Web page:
Log in

Kansas City Royals: 1985 World Series Collector’s Edition (DVD Review)

26 Jul, 2010 By: Mike Clark

Street 7/27/10
$69.95 seven-DVD set
Not rated.

Chronicling what was called the “I-70 Series” due to the atypically close proximity of the Kansas City Royals and St. Louis Cardinals in Missouri, here’s a set that transcends specific fandom of one team or another due to the drama that took place on the field. The capper for all seasons is a melee in game 7 that threatened to resemble one of the saloon brawls in John Ford’s Donovan’s Reef.

For starters, the Royals — after having come back from a 3-1 deficit to win the American League Championship Series over the Toronto Blue Jays — got off on dreadful footing by not just dropping the first two games of the main event but dropping them at home. Then there was a crucially blown umpire’s call in the final inning of game six that went against the Cards when Series victory was at hand — one so famous that it was frequently alluded to early last month when almost instantly remorseful ump Jim Joyce cost Detroit Tigers pitcher Armando Galarraga a perfect game by calling the Indians’ Jason Donald safe at first when he clearly wasn’t. This famed antecedent led, via a slow fuse burning, to the pyrotechnics in game 7.

From 1976-84, the Royals had been in the postseason six times but had always come up short — including three consecutive ALCS thrillers against the Yankees (1976-78) that were as exciting and enduringly memorable as a lot of World Series. And while it’s hard to get too nostalgic or sentimental about dreaded Astroturf, the Royals did know how to play on it with gusto. You always knew that some kind of unnatural bounce might affect the outcome of the game: Abner Doubleday, meet Flubber.

The Royals’ batting star was third-baseman George Brett (.335 in the season with 30 home runs and 112 RBI’s), though he was also a brilliant fielder; in one clip shown in the DVD bonus section (included on disc 4 of this 7-disc set), he runs and slides into the dugout on a pop fly, swallowed up a lot faster than Robert Shaw in Jaws. The team’s pitching star was Bret Saberhagen, who at just 21 capped a Cy Young Award season (21-6; 2.87 ERA) by winning Series MVP for, in part, pitching a 7th game shutout the Royals didn’t fully need.

According to a couple interviews in the supplements, the Royals got riled when they went into St. Louis two games down and saw a banner prematurely congratulating their opponents as “World Series Champions.” KC won game 3 (beating the Cards’ starter Joaquin Andujar) but then got shut out in game 4, putting them down 3-1 just as they’d been opposite Toronto in the ALCS. By the way, is it just me, or does it seem really, really strange seeing then Blue Jays manager Bobby Cox in that team uniform given his subsequent eternity with the Atlanta Braves?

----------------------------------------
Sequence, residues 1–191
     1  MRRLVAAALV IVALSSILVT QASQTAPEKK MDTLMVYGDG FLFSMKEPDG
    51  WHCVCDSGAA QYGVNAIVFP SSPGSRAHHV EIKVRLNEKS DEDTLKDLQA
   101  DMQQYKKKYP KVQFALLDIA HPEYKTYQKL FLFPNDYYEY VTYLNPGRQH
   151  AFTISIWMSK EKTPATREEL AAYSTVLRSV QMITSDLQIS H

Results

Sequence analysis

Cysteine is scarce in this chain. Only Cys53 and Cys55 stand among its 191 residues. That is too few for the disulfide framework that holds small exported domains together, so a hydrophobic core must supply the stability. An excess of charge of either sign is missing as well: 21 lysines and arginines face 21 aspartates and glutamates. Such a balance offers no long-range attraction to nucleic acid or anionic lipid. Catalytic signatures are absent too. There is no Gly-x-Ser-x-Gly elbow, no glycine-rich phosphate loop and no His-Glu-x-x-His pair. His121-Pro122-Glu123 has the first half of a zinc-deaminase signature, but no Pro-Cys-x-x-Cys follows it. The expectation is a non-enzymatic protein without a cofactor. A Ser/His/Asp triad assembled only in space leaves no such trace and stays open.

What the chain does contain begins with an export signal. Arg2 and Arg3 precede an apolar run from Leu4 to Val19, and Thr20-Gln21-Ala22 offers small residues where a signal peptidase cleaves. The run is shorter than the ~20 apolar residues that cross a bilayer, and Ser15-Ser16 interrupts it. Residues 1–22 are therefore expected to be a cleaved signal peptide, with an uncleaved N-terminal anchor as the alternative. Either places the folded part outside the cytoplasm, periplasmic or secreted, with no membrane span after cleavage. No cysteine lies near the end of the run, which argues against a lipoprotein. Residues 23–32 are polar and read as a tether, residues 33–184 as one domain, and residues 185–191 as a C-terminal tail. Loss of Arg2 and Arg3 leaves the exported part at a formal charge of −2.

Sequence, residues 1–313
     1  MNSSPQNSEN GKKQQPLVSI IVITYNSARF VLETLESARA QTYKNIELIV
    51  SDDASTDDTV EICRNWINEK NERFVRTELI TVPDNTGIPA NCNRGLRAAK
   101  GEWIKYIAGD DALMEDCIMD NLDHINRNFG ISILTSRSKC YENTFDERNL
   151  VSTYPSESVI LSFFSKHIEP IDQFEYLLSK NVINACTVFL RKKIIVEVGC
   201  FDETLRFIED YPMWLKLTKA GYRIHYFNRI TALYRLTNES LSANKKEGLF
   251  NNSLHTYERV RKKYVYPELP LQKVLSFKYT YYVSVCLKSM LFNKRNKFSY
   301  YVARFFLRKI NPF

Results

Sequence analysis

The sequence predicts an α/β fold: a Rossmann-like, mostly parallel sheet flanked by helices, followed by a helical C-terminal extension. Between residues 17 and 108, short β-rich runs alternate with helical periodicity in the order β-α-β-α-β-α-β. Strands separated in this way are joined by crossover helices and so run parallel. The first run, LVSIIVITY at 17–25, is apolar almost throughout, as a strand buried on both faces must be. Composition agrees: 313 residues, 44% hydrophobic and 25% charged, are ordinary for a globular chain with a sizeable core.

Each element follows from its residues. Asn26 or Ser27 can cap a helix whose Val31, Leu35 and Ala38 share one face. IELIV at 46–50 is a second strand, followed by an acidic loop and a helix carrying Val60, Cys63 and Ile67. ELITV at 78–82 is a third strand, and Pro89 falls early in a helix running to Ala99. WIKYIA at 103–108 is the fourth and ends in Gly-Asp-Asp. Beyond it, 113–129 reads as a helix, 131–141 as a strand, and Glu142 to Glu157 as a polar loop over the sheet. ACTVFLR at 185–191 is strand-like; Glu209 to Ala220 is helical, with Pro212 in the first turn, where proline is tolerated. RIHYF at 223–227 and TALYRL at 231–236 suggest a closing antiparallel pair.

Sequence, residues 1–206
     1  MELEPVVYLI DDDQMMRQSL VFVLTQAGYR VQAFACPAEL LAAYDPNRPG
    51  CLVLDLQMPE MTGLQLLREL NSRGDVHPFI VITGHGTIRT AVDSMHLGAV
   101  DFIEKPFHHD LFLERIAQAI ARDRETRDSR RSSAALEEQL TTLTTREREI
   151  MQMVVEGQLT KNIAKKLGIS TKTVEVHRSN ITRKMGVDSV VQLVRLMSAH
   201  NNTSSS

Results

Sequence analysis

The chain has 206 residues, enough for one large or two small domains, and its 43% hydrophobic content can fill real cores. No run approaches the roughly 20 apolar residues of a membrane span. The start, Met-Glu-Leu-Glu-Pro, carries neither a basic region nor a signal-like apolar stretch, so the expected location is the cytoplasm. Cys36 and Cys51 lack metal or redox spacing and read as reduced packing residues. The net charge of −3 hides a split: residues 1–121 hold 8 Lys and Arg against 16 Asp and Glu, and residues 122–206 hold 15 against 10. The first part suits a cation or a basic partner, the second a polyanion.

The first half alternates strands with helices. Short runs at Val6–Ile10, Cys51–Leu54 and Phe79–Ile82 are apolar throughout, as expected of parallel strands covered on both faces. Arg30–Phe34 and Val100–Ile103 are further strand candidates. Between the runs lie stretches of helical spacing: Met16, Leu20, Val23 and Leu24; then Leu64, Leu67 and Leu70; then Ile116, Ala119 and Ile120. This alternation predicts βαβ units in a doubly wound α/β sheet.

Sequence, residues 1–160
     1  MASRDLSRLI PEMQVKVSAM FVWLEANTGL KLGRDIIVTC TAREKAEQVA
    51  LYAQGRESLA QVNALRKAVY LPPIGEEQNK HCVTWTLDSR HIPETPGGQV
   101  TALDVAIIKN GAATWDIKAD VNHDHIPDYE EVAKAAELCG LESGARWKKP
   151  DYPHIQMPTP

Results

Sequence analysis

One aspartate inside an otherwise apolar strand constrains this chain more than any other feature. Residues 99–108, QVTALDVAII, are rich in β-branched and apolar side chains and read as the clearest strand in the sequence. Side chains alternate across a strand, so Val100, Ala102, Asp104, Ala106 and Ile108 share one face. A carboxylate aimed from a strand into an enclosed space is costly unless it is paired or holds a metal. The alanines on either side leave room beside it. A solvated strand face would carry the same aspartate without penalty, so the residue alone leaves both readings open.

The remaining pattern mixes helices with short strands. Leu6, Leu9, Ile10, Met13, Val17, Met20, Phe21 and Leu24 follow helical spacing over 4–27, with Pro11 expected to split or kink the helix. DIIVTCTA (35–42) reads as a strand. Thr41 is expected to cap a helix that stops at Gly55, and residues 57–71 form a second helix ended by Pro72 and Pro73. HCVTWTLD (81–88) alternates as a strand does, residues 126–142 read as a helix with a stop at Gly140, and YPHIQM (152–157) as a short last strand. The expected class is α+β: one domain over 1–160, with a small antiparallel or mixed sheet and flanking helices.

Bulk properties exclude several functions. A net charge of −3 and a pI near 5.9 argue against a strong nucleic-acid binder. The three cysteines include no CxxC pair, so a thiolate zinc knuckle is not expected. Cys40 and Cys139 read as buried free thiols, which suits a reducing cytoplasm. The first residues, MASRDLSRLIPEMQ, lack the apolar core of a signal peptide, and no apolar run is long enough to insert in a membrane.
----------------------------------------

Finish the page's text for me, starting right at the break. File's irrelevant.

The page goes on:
A game 5 rebound for the Royals set up a classic sixth game, in which the Cards took a 1-0 lead and, with any luck, a Series win into the ninth inning. It was at this point where first base umpire Don Denkinger called the Royals’ Jorge Orta safe on a slow roller between first and second when he was out. The initial shot or angle, preserved on the DVD, isn’t totally conclusive. But a follow-up shot from the first-base side is enough to make any viewer go, “Oh, Lordy,” though you can believe that the Cardinals’ language (from manager Whitey Herzog on down) was stronger. And then, in quick succession: a Cardinals blown catch of foul pop-up allowed KC batter Steve (“Bye Bye”) Balboni to single — followed by a passed ball from Cards catcher Darrell Porter, which set up a two-run pinch single by Dane Iorg. On a dime, the game was over despite a close play at the plate on the second run.

It figured, then, that Denkinger would be the home plate ump in game 7, pouring some gasoline on the Cards’ fire. The game is much more interesting than most 11-0 blowouts usually are, thanks to a sixth inning in which the Royals (already up 5-0) scored six more runs in a debacle that runs more than 30 minutes even with the commercials edited out for this presentation. The highlight, for fans of train wrecks, came when Herzog brought in Andujar to relieve (17-4 at one point in the season, he ended up at only 21-12 before a bad postseason). His performance in game 7 ranged from erratic to worse, and twice Denkinger riled him by calling balls on pitches that clearly were inside. The second time, Andujar charged home plate and had to be restrained by so many Card teammates that I was looking for Rogers Hornsby and Dizzy Dean to show up. It’s one of the greatest baseball meltdowns ever — and, of course, you get bonus points for charging the ump in the final game of the World Series. Kudos, too, go to Herzog for getting tossed just before Andujar, joining Earl Weaver and Billy Martin in august Fall Classic managerial company.

The extras include the Royals’ post-game locker-room celebration, and it’s good to see Brett not just spraying teammates with champagne — but also swigging the stuff, then spitting it out, on national television. In a cruelly poignant note, winning KC manager Dick Howser would be diagnosed with a brain tumor halfway into the next season and would die at 51 a year after that. And at age 45 in1998, brain cancer claimed the life of Royals top reliever Dan Quisenberry, who had a nifty submarine delivery that is still fun to watch.

Add Comment